This covers expansion to 35 LGAs with continued operations through Dec 2023.
“The organization aims to reduce child mortality through cost-effective and evidence-based health interventions.
In Nigeria, the organization operates as the All Babies Are Equal Initiative and implements the conditional cash transfers (CCT) for routine immunization (CCTs for RI) program.
“The flagship CCTs for RI program operated by ABAE disburses cash incentives to caregivers conditional on infants receiving four vaccines: BCG (against tuberculosis), PENTA (against diphtheria, tetanus, whooping cough, hepatitis B and Haemophilus influenzae type b), PCV (against pneumococcal disease), and MCV (against measles).
These vaccinations are part of the routine schedule for infant immunizations in Nigeria and are provided at no cost to the caregiver through government-supported clinics.
Upon confirmation of their infant receiving a vaccine, the caregiver receives ₦500 for the first four routine immunization visits and ₦2,000 for the fifth visit.
“The cash transfers compensate for transport, lost trading income, and waiting time while creating behavioural change through awareness of routine immunizations.
“The CCTs for RI Program has been implemented in the states of Katsina, Zamfara, 2017 while Jigawa in 2018.
To date, the program has enrolled over 390,000 infants whose caregivers have received over 1 billion naira in conditional cash transfers.
An independent impact assessment of NI-ABAE’s CCTs for RI program (2017 – 2020) found that the program increases the likelihood that children would be fully immunized by 27 percentage points, and increases rates of individual vaccinations by 14 to 21 percentage points.
Beyond vaccination, the assessment found that the program contributed to improved knowledge about vaccination among caregivers in the catchment areas served by the program.
“Immunization is one of the most effective public health interventions, saving 2 to 3 million lives yearly (WHO) and there is evidence that suggests a 27 percentage points increase in the likelihood that children would be fully immunized by a conditional cash transfers for routine immunization program (NI-ABAE RCT Impact Assessment 2017-2020),” the Stakeholder Relations Director, Nura Muhammad however said.
Meet Abdul: The most talented Dabo Babies player of all time
Picking out the footballing stars of the future is a tricky task.
There are so many factors which could hinder the progression of even the most professional of teenagers.
But some do seem destined to reach the top, while others display a work ethic that’s even greater than the natural talent at their disposal.
The second paragraph could be the case with Dabo Babies talented, 19-year-old forward Abdul Attacker.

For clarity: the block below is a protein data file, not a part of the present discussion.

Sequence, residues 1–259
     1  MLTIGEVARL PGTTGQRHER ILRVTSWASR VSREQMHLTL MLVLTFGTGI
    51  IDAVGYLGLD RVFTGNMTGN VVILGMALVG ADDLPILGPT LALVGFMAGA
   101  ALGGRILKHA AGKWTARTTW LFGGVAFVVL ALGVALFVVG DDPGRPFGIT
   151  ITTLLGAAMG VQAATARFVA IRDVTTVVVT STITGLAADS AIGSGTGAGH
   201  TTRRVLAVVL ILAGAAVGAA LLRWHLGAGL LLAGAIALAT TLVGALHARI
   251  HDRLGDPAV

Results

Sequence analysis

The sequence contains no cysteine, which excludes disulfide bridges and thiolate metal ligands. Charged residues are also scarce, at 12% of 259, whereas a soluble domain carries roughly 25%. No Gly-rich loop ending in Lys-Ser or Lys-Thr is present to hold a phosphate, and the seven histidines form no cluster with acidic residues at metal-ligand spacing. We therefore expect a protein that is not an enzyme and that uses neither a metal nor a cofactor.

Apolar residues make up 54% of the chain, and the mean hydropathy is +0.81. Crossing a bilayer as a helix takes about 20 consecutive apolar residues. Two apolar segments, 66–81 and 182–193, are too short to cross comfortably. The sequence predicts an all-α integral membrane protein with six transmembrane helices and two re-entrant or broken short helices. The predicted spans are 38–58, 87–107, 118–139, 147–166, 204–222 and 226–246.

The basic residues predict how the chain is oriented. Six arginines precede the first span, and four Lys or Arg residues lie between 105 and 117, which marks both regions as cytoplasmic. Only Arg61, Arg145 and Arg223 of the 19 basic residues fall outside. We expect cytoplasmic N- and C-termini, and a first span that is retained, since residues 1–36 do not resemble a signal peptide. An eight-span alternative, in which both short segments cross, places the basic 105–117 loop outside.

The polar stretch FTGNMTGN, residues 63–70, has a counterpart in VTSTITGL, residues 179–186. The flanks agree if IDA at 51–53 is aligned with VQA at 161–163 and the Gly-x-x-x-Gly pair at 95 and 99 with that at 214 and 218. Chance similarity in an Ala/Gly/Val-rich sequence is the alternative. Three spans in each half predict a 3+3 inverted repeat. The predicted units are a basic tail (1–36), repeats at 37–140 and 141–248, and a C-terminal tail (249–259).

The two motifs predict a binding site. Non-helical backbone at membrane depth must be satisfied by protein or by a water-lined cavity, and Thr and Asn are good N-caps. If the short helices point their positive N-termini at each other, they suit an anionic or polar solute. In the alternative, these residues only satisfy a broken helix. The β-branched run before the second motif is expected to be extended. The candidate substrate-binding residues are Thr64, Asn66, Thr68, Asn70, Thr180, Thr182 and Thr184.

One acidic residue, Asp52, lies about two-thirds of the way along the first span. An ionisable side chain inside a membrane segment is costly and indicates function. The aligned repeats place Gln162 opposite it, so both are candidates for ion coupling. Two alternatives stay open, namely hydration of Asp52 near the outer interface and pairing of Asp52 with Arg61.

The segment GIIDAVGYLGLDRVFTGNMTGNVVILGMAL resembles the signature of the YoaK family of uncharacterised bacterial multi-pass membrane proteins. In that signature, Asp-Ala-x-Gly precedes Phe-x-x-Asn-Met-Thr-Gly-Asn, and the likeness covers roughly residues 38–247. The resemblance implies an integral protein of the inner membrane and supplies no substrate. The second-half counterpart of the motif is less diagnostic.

He burst onto the scene when he was playing for a local club, Golden Bullet and was snapped up by famous Dabo Babes FC after the departure of former Nigeria U-20 star, Nazifi Yahaya.
And has since caught the attention of football enthusiast across the country with his brilliant display for Dabo Babes.
Abdul tormented four-time Nigeria Professional Football League Champions, Kano Pillars FC after he scored twice against the Sai Masu Gida in a friendly match before the kickoff of the second stanza of the just concluded 2020/2021 Nigeria Professional Football League season (NPFL).
He was the catalyst to Dabo Babes good run to the Kano state Tofa Premier League title driving the famous academy from game to game until they reach the final.
The dazzling forward produces mouthwatering display to earn himself accolades from the Pen Profession who could not hide their love for the next Super Star during the Tofa Premier League final.
He likes his game to that of Real Madrid forward, Karim Benzema and Bayern Munich deadly striker, Robert Lewandowski.
The 19-year-old’s talent and versatility has some people wondering whether he could be a bolster for the Nigeria National U-20 team, the Flying Eagles for their upcoming assignments.
As preparations for the 2020/21 Nigeria Professional Football League season gearing towards climax, many top clubs are interested in snapping him to bolster their squad as well as few other European top teams.
He has scored 55 goals and provided further 22 assists for Dabo Babes in less than three and a half years.
Lamido, Jega celebrate NEPU @ 71
Dr. Nuruddeen Muhammad
Yesterday, Sunday, the 8th of August, 2021, I accompanied His Excellency Dr Sule Lamido (CON) who was the speaker at a symposium organised by the Aminu Kano Centre for Democratic Studies, Bayero University Kano (Mambayya House) to commemorate the 71st anniversary of the founding of the Northern Elements Progressives Union (NEPU), with the theme; ‘Politics of Principles and the Phenomenon of Political Party Defections in Nigeria’.